All the voices in the gallery are contemporary to the First World War, which in a sense replaces our grand-dad guides and conveys what people believed they were doing at the time – unfiltered by the lens of revisionist history. We also wanted to make sure that the depth of the collection comes across: many of the things that we’re renowned for worldwide – our film, photography, art and poster collections – weren’t actually that visible in the context of the galleries.

And the atrium?

It’s a beautiful Foster + Partners design. It’s very open and much more light than it used to be. You feel like you’re in a major public building rather than a large shed. Visitors often couldn’t find their way around the museum before, but with the redesign and new display you can always see where you are. Our subject is difficult enough as it is…

IWM London’s display must carry a great historical and cultural responsibility. What were some of the greatest curatorial challenges in designing the new galleries?

We’re a museum about contested narrative. That means our responsibility is one of balance and openness, and creating a dialogue – which can either be benign or provocative. I think the real challenge is about getting the balance between delivering statistical or fact-based knowledge, and asking the right questions about what people feel or think.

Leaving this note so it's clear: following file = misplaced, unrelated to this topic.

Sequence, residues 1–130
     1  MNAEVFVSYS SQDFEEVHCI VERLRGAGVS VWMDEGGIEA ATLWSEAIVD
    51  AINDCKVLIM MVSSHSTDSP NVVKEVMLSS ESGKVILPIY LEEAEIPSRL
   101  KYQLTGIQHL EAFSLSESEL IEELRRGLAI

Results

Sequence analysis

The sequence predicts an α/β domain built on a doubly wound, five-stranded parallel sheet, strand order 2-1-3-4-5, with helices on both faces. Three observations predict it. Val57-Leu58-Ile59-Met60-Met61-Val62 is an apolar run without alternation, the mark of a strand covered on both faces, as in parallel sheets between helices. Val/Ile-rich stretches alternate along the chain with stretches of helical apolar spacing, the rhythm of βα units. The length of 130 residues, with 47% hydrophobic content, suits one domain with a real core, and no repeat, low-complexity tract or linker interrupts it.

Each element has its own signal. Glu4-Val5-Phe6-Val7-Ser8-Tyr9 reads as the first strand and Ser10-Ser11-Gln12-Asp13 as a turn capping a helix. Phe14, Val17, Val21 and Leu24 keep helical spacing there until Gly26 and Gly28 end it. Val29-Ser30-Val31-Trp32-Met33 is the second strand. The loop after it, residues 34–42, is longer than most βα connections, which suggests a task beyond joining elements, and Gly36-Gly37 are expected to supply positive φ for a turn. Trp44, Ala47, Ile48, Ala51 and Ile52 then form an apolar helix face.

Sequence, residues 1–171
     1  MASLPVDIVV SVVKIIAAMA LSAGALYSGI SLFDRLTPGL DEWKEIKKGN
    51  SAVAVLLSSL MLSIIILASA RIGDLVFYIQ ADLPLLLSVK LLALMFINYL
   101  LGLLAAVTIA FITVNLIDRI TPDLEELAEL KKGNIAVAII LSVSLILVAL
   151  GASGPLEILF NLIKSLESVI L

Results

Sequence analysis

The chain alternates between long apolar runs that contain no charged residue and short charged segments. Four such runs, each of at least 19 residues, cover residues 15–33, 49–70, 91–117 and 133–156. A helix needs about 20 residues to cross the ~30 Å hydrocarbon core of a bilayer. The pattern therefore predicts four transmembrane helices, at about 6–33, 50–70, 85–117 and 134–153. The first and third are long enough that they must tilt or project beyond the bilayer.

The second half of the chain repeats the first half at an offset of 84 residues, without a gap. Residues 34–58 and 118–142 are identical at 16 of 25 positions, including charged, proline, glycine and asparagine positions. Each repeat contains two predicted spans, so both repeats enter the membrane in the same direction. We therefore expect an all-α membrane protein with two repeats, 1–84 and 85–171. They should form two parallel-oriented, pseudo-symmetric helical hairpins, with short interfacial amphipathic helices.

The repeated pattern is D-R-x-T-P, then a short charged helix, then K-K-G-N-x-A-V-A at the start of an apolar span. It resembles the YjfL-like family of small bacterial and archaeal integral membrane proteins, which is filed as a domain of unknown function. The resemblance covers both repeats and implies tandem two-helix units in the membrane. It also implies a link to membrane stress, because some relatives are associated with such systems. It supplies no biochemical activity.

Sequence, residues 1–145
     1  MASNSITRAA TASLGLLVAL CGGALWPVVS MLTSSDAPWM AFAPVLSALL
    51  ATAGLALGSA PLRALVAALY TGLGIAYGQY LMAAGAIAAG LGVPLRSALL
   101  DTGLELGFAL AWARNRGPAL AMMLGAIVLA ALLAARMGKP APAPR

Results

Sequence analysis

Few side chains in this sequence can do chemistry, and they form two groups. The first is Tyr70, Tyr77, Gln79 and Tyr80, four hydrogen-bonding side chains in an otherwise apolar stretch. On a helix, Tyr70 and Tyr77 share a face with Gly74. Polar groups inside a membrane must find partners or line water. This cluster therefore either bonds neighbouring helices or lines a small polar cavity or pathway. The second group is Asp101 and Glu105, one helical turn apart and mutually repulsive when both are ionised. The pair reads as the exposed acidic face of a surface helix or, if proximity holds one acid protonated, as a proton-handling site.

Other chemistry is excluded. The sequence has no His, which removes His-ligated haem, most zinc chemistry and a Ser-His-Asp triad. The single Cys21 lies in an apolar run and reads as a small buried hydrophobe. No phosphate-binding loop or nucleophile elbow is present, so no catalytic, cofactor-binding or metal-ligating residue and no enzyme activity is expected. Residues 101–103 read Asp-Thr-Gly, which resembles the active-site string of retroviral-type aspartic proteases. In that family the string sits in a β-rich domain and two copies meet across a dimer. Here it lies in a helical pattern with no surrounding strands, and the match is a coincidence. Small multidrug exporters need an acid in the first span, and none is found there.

Are you hoping the new galleries will encourage debate?

Of course! We’re not doing our job if we’re not encouraging debate. Our subject sits at the centre of human behaviour. It has to be debated.

IWM is leading the First World War Centenary Partnership (a global network of more than 2,800 members in 49 countries). What is its significance?

It started off as more pragmatic than visionary. We were already getting about 80,000 enquiries a year on the First World War. So we knew that when it came to the centenary, to be able to cope with the demand for people wanting to work with our collections, resources and staff, we’d have to find a mechanism to deal with it. I’m very pleased that it’s become a lot more visionary: it’s truly global and has brought even some very, very small projects into the centenary fold – including a lot of women’s stories, which often disappear under the Western Front narrative.